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November, the month for winterizing the garden

gardening by Mary Robson, WSU Area Extension Agent
November weather tosses winter into the gardener's mind. No matter how prepared we may be for the change of seasons, the blustery weather forces us all to realize that fall is gone. A sense of haste pushes us to make the most of shortened, cooler days.
   Lawn care is vital in November. Keep leaves raked off the grass, and don't neglect mowing when it's necessary. Grass will continue to grow, though more slowly, during November. If a frost comes, don't walk on the turf when it's frozen. Turf can be damaged.
   The final fertilization of the year, and one of the most important, must be done in late November, between November 20 and December 10. Choose a 3-1-2 ratio fertilizer (for instance, a 12-4-8 balance). The numbers mean 3 parts nitrogen, 1 part phosphorus, and 2 parts potassium. Nitrogen is commonly understood to "green up" the grass, but it's also necessary to have the other mineral nutrients available for root growth and winter hardiness. Apply enough fertilizer so that each 1000 square feet of turf receives one pound of actual nitrogen.
   During the winter rainy season, choose a lawn fertilizer that is formulated to release the nitrogen slowly. Check with suppliers for this feature of the winter fertilizers. A quick-release nitrogen can wash rapidly away in heavy rain. It's then not available to the turf, and worse, it can pollute surface water as it washes off the lawn. This is particularly important if the lawn slopes. Remember the water quality motto "we all live downstream." Even if a flowing stream isn't next to your lawn, city and county drainage systems carry all flow downhill, and eventually to Puget Sound. Choosing the slow-release winter fertilizer is a contribution to sensible garden stewardship.
   Some lawn products for winter carry labels including "moss killer" type components. Most of these products contain some form of iron, either as ferrous sulfate or iron chelates. The moss killers destroy the moss on contact, leaving a blackened mess where the moss used to be. Rake this out. It's too late to overseed the resulting empty spots, so some gardeners choose to wait until early spring to treat lawn moss, then overseed the area with fresh grass seed.
   Moss is a natural feature of the maritime Pacific Northwest winter. It moves into turf areas that are in too much shade, have poor drainage, or have compacted soil. Unless the growing conditions are corrected, moss conditions will return. Contrary to what many people think, applications of lime don't kill moss. The grass may grow better at a more neutral pH, and will then fill in sparse spots and keep moss from getting established. However, the lime has no direct effect on the moss. That's one of the discredited garden maintenance myths.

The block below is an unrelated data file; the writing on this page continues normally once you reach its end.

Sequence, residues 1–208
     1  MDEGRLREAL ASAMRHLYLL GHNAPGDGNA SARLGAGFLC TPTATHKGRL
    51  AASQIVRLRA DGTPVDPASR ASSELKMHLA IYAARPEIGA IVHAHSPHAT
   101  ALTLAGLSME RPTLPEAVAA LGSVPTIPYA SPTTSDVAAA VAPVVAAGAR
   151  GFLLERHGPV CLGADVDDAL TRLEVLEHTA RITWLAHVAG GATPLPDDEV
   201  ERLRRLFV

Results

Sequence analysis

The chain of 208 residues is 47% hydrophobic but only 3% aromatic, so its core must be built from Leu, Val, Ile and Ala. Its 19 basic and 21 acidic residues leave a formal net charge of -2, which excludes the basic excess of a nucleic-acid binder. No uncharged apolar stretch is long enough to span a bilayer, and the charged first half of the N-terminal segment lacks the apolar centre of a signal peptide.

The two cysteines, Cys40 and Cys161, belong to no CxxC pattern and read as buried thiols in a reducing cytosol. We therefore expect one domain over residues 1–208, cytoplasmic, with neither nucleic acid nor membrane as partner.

If you think other garden tasks are more enjoyable than lawn care and moss murder, November's a good month for working in between rainy spells. Protect all plants in containers from potential freezing temperatures. Annuals such as petunias have by now succumbed, not to cold, but to wet dark days. Many summer annuals come to our gardens from tropical climates, and they don't continue to bud and bloom once the cold days hit. It's not possible to over-winter petunias, marigolds, zinnias, and other tender container plants. Add them to the compost (with a thanks for their contributions to the summer garden.)
   Fuchsias and geraniums, both of which have woodier or sturdier stems, can be kept over-winter. Cut back the foliage. Geraniums kept in cold, dark areas will live over well until warmer weather. Check them monthly and water slightly if they are completely dry.
   On a fuchsia, leave about 6-inch stubs. This looks brutal, but the plant will then go dormant. Keep it in a cool, dark place such as an unheated garage where it will not freeze. Don't let it dry out. Some fuchsia growers lay their trimmed plants down in trenches, about 12-14 inches deep, covering them over with soil or mulch. Freezes seldom penetrate that far in the Pacific Northwest, and winter rains keep the plant watered. Remove them from storage in spring and repot when bringing them into light. If the fuchsia is too warm, or too light, it will keep putting out leaves, and the object is to keep it dormant.
   Mulch over the roots and bud onions of roses. Don't prune roses now. Remove the leaves to force roses into dormancy, and to get rid of disease organisms that over-winter on the dead leaves. Winter temperatures in the maritime Puget Sound area go up and down. The point of forcing the the rose into dormancy is to keep it from sending out tender growth that could be killed back if we get a sudden, intense cold snap.
   Protect outside faucets from freezing. Gather tools, clean and oil and store them. Put a new pair of gloves and some good clippers on your holiday wish list, and hope for some bright days to use them!

Visit WSU's Agriculture Site on the World-Wide Web at http://www.cahe.wsu.edu.